I've been a fan of camping since I was a kid. 11 years old, sleeping in the back yard in a monstrously heavy tent, my "camp food" consisting of a bologna sandwich that Mom made, sleeping on the ground without a air mattress, a flashlight powered by a pair of C Cell batteries, and the safety of home a mere couple dozen yards away. I loved it, and wanted more.
Moving to Colorado enhanced this love of the outdoors and as my finances grew I obtained new and better gear. What was once a 20 pound canvas tent became a 3 pound nylon tent just big enough for me and my dog. Sleeping on the bare ground gave way to a self-inflating air mattress that compressed down to smaller than a soda bottle. A camp stove and a titanium pot and a spork created feasts of noodles and sauce, and the ever present flash of small batch bourbon helped keep the chills away. I lived large as a bachelor in the greatest outdoor playground I'd ever known.
But now I have daughters. And they've never been camping before.
As with anything, proper introductions make a new activity more likely to be fun, and camping is no different. If you're going to introduce your children to the outdoors, take some steps to make it enjoyable.
First, get your expectations in order. This is supposed to be fun, a seedling planted with the hope that it will grow, and this is NOT the time to set a new speed record on the trail. You're going to be "car camping", and it will be best if you approach it as such. Find a place where they can hike some easy trails, swim in the lake, and so forth. Take the dog and some beef jerky and just enjoy being lazy in the woods, and you'll be happier in the end.
Next, pick a weekend when decent weather is expected. Sure, nobody can guarantee sunny and 78 and no wind, but it's a fool's errand to head out when the weather man is calling for an 80% chance of rain and high temps in the 50s. You'll have plenty of time later to teach cold-weather camping skills, so for now stick to weather where their regular "sleep-over-at-a-friend's-house" sleeping bag will keep them warm.
Find a place where you can drive your vehicle right up to your campsite. At worst, you want less than 50 yards between your car and the tent. All the standard campsite criteria apply, of course: Flat ground, no dead trees overhead, sheltered from the wind, and so forth.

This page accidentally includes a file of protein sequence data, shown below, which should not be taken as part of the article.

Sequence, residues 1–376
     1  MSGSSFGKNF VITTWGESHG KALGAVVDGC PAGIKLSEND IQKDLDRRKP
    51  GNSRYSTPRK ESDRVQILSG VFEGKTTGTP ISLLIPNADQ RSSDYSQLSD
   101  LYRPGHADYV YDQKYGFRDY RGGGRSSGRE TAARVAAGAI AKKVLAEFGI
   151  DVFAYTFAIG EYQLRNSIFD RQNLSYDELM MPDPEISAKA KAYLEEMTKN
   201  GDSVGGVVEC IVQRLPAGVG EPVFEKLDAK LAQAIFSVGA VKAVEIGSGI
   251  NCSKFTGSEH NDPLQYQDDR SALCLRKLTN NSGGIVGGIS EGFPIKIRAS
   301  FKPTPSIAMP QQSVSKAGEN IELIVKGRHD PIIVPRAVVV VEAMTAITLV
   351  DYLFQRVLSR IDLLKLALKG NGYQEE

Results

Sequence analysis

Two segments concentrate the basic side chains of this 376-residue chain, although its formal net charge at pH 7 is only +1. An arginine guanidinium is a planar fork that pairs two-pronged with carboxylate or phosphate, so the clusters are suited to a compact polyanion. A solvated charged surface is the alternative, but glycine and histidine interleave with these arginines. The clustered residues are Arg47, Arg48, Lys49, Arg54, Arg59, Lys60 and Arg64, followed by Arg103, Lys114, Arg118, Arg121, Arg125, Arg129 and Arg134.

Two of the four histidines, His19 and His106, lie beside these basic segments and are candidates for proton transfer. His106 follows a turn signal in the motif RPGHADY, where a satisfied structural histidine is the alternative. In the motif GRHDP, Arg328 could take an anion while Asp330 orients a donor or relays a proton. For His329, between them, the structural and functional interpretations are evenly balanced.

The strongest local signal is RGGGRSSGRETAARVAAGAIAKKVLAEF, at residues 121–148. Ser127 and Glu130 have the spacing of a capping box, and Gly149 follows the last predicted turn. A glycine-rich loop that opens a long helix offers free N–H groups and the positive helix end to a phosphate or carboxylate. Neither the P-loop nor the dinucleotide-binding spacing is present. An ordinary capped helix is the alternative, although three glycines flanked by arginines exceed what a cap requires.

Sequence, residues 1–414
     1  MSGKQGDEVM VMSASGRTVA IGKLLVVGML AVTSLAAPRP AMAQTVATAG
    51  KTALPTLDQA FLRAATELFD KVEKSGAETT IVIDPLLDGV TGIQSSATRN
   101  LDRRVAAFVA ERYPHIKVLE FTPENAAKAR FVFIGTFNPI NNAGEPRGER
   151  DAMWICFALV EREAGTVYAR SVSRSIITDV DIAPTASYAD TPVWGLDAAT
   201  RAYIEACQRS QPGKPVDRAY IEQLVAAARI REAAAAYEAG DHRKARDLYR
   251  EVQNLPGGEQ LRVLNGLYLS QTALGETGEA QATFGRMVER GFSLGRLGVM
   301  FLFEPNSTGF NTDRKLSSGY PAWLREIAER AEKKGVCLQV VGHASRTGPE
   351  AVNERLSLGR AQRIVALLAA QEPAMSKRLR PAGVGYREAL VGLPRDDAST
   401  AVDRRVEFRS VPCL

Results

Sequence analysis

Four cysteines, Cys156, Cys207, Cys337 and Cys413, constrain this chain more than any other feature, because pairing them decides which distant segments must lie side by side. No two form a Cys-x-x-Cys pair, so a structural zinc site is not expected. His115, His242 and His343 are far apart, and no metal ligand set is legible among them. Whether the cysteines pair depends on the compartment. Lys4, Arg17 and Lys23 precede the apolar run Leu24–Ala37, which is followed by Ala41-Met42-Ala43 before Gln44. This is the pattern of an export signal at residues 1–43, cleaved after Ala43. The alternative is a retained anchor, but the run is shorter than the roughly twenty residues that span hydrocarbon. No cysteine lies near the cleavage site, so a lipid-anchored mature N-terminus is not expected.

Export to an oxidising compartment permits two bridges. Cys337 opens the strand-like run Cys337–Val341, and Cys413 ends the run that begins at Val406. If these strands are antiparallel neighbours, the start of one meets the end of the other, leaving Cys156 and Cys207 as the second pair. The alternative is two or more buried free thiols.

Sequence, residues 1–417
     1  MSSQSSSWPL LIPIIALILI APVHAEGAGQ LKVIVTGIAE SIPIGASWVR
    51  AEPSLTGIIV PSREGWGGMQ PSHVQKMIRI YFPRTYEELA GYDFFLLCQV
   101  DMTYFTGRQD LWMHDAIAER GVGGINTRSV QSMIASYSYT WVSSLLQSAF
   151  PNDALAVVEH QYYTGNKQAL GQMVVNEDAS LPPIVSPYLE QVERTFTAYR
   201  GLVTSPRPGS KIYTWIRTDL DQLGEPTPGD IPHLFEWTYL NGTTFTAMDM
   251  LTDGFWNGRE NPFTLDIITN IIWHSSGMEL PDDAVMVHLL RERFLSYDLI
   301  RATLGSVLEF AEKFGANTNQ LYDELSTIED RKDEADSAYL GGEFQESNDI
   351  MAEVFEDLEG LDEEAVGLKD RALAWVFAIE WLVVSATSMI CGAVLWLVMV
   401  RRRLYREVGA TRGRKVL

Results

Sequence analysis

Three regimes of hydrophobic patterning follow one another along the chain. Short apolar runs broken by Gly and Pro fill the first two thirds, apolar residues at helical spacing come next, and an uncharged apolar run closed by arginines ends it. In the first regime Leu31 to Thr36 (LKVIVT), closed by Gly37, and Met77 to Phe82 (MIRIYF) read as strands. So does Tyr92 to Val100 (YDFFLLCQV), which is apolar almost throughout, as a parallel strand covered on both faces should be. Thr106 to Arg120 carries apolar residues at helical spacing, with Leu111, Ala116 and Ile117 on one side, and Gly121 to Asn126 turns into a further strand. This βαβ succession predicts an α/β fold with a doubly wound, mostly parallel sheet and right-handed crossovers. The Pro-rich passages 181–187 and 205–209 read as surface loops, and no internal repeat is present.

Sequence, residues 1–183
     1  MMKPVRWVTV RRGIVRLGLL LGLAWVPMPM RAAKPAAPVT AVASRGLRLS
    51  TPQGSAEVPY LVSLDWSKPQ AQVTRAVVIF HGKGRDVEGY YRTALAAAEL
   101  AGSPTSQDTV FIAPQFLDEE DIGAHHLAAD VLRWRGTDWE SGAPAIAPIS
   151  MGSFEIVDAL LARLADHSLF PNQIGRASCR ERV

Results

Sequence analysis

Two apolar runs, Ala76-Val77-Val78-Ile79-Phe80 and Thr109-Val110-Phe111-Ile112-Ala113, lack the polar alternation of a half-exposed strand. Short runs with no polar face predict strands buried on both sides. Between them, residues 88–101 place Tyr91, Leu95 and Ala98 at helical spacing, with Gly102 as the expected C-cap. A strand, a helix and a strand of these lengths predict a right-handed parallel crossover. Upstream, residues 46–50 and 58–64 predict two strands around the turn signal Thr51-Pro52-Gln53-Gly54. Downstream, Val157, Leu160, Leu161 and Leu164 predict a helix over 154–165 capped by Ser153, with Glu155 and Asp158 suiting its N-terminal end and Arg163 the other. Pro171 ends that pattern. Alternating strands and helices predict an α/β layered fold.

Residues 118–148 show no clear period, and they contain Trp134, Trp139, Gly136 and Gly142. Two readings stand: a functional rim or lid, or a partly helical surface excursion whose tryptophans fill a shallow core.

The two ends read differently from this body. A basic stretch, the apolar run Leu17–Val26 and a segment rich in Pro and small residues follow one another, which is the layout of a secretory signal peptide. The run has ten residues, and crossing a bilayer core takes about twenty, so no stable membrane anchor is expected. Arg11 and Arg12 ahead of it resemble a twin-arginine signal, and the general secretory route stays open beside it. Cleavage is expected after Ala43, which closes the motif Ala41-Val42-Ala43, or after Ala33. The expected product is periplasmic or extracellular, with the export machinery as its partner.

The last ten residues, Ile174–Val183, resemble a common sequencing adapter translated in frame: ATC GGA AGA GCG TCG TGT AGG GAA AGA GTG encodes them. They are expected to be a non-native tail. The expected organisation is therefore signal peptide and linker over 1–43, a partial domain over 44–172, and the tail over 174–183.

Pack as much gear as you need. I have a two-burner propane stove and a set of nesting pots and pans. I also took an extra stove with fuel, and if I wanted I could have cooked a feast. We took plenty of food, several packets of hot chocolate, a Frisbee, a small radio to listen to music, flashlights (well, headlamps, actually) for everyone, glow sticks, a deck of cards, stuffed animals, pillows from the bed at home, and so forth and so on. Again, make this FUN. No suffering allowed on the first trip.
Eat like a king. Or, in the case of my girls, like a Princess. We packed their favorite foods that can be made on a camp stove (baking in camp can be tricky) like bacon and eggs for breakfast, peanut butter and jelly sandwiches and ham sandwiches with chips and apples for lunch (PB&J for Spawn the Younger, ham for Elder Spawn), cheese and salami and crackers for snacks, hot dogs and spaghetti with meat sauce for dinners, hot chocolate with marshmallows for a hot drink while sitting around the campfire, etc. Again, no suffering allowed here. If your kid likes a particular food item, take it. Coolers and ice and careful packing and creativity can make almost any food item work while camping. Don't forget little things like salt, pepper, hot sauce, grated Parmesan cheese for the pasta, etc. As an aside, rumor has it that you can find single-use packets of salt, pepper, and other stuff at fast food joints. Or so I've heard.
Let the kid stay up as late as they want, and sleep in as late as they want. No bedtime or alarm clocks in the woods. I let my daughters bring their iPods, but I did put limits on how long and when they could play with them: Thirty minutes at night, while in the tent, before bed. That's it... no more.
I found this approach worked great for my kids. They're still talking about the camping trip, three days now removed from the tent, and asked me "When can we go camping again?"
That's when you know you did it right.